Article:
Callinan: Opening records to Garda ombudsman would lead to 'bodies lying all over the country'

Callinan: Opening records to Garda ombudsman would lead to 'bodies lying all over the country'

Garda chief Martin Callinan has warned there could be mass assassinations if the force’s watchdog was given unfettered access to classified records.

The country’s top officer said he had “no crib” with the Garda ombudsman carrying out its role generally.

But the commissioner said he had legitimate concerns about how very sensitive details were handled.

In the latest twist in continuing tensions between the force and its official oversight body, Commissioner Callinan said the crux of the disharmony was down to how top-level intelligence was handled.

The police chief said he needed reassurance on certain disclosures to the ombudsman relating to informants.

“Otherwise we will have bodies lying all over the country,” he said.

Mr Callinan was hauled before TDs and senators to answer charges that his rank and file were not co-operating with the official State investigators.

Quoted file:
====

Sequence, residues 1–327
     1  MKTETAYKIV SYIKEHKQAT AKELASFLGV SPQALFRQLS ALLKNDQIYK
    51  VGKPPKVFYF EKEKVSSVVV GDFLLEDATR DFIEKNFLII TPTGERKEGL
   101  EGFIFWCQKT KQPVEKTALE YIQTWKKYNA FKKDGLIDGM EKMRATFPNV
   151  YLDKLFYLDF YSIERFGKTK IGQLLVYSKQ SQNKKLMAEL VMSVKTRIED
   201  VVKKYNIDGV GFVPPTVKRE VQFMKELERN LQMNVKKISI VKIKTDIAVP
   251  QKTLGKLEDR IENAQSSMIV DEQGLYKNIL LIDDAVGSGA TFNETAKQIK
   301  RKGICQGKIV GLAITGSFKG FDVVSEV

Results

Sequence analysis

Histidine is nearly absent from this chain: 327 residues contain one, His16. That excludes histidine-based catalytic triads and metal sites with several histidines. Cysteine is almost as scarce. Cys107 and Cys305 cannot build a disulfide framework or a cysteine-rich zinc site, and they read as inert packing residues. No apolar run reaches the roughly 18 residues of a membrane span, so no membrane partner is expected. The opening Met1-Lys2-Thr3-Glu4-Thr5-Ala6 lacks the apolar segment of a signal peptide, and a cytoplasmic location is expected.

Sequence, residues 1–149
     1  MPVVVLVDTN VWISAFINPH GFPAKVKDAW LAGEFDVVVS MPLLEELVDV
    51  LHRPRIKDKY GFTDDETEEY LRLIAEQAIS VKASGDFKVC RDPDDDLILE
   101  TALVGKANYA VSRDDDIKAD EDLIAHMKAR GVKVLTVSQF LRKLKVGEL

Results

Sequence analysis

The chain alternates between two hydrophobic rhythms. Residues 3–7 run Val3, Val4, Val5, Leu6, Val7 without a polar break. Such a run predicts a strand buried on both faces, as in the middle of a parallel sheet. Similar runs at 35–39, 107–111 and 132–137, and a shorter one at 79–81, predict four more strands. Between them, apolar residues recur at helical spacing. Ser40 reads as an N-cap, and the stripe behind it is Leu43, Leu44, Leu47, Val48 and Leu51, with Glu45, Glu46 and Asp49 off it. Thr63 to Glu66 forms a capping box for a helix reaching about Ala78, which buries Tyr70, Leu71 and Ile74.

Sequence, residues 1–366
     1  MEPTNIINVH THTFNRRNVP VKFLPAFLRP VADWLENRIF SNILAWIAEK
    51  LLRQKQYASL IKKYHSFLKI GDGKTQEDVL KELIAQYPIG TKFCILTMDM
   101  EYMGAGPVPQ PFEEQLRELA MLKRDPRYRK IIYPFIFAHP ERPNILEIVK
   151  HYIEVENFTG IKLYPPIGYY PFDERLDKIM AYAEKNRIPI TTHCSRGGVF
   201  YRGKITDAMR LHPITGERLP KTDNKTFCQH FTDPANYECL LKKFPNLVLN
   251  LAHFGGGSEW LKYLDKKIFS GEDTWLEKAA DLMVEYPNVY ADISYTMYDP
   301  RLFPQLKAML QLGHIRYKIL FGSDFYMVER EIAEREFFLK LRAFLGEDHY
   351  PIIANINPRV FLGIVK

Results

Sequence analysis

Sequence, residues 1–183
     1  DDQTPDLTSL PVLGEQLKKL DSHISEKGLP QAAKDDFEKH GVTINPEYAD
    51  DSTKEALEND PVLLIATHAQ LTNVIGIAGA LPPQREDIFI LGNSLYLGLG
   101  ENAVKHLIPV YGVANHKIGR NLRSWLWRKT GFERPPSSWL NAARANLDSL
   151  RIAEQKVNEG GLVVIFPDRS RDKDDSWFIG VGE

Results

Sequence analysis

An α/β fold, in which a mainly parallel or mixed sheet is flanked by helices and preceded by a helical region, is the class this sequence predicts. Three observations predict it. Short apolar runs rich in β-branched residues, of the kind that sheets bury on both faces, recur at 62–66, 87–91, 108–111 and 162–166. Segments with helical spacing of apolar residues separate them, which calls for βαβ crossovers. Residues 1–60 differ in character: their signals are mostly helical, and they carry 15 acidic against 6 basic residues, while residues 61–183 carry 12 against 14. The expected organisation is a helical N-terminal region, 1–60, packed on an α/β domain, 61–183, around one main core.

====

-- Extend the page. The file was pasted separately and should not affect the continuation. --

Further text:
The commissioner warned it was the “nature of the game” that there would always be tensions between his force and its official watchdog.

This was because of the type of allegations being levelled against his officers and investigated by the ombudsman.

“Will there be tensions? Will there be issues? Of course there will,” he told an Oireachtas committee.

But he added that he was more comfortable that both sides could move on in a spirit of co-operation after recent negotiations led to new protocols on the handing over of information.

Mr Callinan said one officer has been arrested by the ombudsman, while two Garda stations were searched – in Cork and Limerick – under powers handed over to the watchdog.

The Garda chief also denied any Garda informants are being run “off the books”.

“If I find out about it I will deal with it and will deal with it in the most serious way,” he said of any rogue officers.

There are very strict policies in relation to registering informants in the force’s Covert Human Intelligence Source (Chis), Mr Callinan told the joint committee on public service, oversight and petitions.

But he refused to disclose how many people are currently on the system or how many Garda officers are running informants.

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